More sound pros from top TV dramas talk about creating the quiet American West in 'Godless' and making the sounds of a bustling Russian train station in 'Homeland.'
Set in the American West during the 1880s, Godless was shot on location outside of Santa Fe, New Mexico. For supervising sound editors/designers Wylie Stateman and Eric Hoehn, the work started with an overnight trip. "We slept in the sets, so we were there 24 hours a day. It really built our understanding of the place, to make this a dust bowl-like experience. It's a very harsh climate," says Stateman. "We recorded in the canyon where the town was built to get the echoes. We also fired guns and recorded wind and other atmospheric conditions." Adds Hoehn: "The most interesting thing was realizing how much silence dominates much of the day. It became our goal to record how much wind would interact with the structure; for instance, the banging of windows."
What does a baby monster from the Upside Down sound like? Sound designer Craig Henighan (who won the Emmy in 2017 for Stranger Things' first season) was tasked with figuring that out for season two. Dart is an infant monster adopted by Dustin (Gaten Matarazzo). "Initially, he's cute. I ended up using my own voice for the majority of his sound, recording though different plug-in programs," says Henighan. "I'd perform gurgles, grunts, roars and then go cherry-pick the performance." As the monster got older, Henighan started to do a mashup with the Demogorgon from season one and some howler monkeys. "Dart is a cousin of the Demogorgon, so it needed to sound [like] the same language," he adds. For the show's other creature, the Shadow Monster, he used sounds from insects, bugs and even a tornado: "The idea was to make it ominous and also fit in the landscape of the show."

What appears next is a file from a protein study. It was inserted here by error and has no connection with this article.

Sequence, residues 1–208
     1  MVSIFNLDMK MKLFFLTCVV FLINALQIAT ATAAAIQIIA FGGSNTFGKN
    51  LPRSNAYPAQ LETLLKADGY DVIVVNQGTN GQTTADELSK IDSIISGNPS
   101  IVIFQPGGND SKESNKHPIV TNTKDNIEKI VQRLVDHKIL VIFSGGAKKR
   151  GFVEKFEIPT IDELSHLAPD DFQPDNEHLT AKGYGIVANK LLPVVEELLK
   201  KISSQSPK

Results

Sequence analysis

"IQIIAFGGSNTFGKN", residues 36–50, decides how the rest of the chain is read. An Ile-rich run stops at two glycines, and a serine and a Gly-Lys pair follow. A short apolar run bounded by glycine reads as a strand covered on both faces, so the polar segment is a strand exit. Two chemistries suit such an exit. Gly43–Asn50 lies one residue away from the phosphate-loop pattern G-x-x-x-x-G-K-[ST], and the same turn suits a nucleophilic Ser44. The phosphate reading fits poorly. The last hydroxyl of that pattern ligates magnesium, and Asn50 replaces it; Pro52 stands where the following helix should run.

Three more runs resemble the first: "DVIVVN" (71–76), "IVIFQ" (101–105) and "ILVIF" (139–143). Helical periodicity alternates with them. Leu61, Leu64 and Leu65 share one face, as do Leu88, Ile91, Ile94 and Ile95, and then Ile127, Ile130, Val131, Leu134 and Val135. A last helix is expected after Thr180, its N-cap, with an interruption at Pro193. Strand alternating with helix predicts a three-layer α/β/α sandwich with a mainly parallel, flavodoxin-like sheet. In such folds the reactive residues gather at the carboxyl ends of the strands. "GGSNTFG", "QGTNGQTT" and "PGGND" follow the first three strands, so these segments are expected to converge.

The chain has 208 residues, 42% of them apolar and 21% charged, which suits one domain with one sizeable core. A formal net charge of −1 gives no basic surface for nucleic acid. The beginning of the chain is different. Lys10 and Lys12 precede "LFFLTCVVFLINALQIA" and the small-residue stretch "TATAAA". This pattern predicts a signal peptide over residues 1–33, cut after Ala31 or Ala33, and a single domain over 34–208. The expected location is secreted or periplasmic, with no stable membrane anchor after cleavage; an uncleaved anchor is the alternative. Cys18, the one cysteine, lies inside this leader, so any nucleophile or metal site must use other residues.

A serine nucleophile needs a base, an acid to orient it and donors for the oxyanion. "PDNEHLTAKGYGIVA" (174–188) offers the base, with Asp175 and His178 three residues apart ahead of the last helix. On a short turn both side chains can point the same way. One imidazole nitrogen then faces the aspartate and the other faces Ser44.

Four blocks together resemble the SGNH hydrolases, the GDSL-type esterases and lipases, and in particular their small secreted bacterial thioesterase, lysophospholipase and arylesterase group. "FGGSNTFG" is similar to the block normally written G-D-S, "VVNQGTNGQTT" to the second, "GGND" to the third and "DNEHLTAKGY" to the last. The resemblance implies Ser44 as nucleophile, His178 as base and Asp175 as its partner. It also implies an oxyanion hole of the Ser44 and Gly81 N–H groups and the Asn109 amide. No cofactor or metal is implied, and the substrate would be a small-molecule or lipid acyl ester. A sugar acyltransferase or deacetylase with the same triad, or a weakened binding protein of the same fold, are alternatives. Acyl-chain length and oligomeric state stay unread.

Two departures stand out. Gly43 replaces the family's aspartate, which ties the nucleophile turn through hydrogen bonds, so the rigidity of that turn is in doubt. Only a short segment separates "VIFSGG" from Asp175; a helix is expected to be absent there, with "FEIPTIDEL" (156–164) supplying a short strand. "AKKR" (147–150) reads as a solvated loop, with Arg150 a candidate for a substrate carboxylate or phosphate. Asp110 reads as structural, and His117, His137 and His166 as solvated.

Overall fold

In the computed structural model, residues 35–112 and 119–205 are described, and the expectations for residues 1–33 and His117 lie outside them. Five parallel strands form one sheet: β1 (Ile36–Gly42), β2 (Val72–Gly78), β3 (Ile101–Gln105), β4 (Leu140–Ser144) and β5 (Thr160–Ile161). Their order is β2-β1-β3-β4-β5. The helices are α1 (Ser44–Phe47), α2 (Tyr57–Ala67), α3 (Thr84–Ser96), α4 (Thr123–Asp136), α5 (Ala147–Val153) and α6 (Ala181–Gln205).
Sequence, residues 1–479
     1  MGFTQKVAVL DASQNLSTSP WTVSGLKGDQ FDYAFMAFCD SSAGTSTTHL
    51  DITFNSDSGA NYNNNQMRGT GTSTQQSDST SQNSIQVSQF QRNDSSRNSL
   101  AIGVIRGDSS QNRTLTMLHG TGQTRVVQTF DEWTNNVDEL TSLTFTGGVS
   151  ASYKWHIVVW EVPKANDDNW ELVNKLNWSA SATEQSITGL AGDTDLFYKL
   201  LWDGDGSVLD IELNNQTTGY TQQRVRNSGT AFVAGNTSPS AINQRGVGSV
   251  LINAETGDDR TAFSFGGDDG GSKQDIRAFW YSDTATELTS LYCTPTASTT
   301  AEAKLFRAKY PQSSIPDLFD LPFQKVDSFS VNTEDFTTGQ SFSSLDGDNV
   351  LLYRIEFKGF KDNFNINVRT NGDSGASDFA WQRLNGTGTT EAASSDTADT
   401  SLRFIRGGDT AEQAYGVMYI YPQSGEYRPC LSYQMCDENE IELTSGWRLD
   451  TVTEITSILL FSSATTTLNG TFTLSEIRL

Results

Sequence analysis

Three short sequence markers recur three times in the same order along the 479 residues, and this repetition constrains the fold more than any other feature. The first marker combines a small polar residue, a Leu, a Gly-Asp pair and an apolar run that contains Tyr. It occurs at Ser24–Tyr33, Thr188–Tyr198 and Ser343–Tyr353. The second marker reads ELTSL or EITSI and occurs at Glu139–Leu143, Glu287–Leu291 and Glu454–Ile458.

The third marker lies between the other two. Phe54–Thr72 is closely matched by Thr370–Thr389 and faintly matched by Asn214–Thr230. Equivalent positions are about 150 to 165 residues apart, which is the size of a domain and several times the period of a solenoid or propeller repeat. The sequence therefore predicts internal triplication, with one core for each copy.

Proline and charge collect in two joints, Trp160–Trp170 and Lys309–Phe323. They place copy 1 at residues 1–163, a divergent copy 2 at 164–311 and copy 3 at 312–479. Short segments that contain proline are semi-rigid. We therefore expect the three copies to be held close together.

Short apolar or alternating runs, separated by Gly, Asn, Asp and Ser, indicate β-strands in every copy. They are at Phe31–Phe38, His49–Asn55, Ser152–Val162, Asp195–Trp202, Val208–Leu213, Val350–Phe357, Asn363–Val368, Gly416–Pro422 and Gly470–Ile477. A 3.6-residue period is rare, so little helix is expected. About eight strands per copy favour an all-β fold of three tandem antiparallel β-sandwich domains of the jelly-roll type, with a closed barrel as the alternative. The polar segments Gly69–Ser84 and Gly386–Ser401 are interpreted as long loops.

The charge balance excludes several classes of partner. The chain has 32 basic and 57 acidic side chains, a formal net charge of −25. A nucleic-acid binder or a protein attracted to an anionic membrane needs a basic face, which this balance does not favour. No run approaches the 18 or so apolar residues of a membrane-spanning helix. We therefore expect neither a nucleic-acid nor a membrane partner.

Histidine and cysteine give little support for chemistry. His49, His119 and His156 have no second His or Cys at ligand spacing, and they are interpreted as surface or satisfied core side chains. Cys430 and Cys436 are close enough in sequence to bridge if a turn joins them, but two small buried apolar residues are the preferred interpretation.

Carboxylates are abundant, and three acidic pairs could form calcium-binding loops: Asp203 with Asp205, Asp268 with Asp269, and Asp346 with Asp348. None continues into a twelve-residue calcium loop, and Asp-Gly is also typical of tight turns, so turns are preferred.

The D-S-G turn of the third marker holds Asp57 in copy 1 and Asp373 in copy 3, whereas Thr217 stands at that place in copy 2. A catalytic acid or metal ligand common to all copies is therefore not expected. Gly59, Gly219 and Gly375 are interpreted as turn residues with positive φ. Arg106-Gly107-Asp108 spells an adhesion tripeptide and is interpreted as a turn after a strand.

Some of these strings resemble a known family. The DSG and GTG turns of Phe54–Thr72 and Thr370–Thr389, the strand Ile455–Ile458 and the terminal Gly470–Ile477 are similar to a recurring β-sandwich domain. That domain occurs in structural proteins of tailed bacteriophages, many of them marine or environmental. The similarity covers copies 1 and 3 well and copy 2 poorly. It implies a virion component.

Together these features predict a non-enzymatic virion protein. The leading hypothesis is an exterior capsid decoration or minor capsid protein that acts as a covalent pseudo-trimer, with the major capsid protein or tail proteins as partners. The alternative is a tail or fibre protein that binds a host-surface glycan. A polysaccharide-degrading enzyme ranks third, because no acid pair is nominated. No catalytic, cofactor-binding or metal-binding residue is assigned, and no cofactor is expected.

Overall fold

Homeland's globe-trotting created the biggest challenge for the sound team. "They are in Washington, then Virginia, then a train station in Russia. You are starting from a blank slate each time," explains supervising sound editor Craig A. Dellinger. The scene set at a train station in Russia was actually filmed in Budapest, which added to the work. "You can't use any of the production sound in the station because it's the wrong language. And the dialogue, you have Hungarian PA announcements in the background, so we had to create all of that," he says, adding that they had to research everything — including the train noise and sirens — for authenticity and then used the sound library at Sony Pictures. "We recorded Russian speakers on an ADR stage as well as the crowds," adds Dellinger, noting that the final mix was accomplished at Technicolor.
This story first appeared in a June stand-alone issue of The Hollywood Reporter magazine. To receive the magazine, click here to subscribe.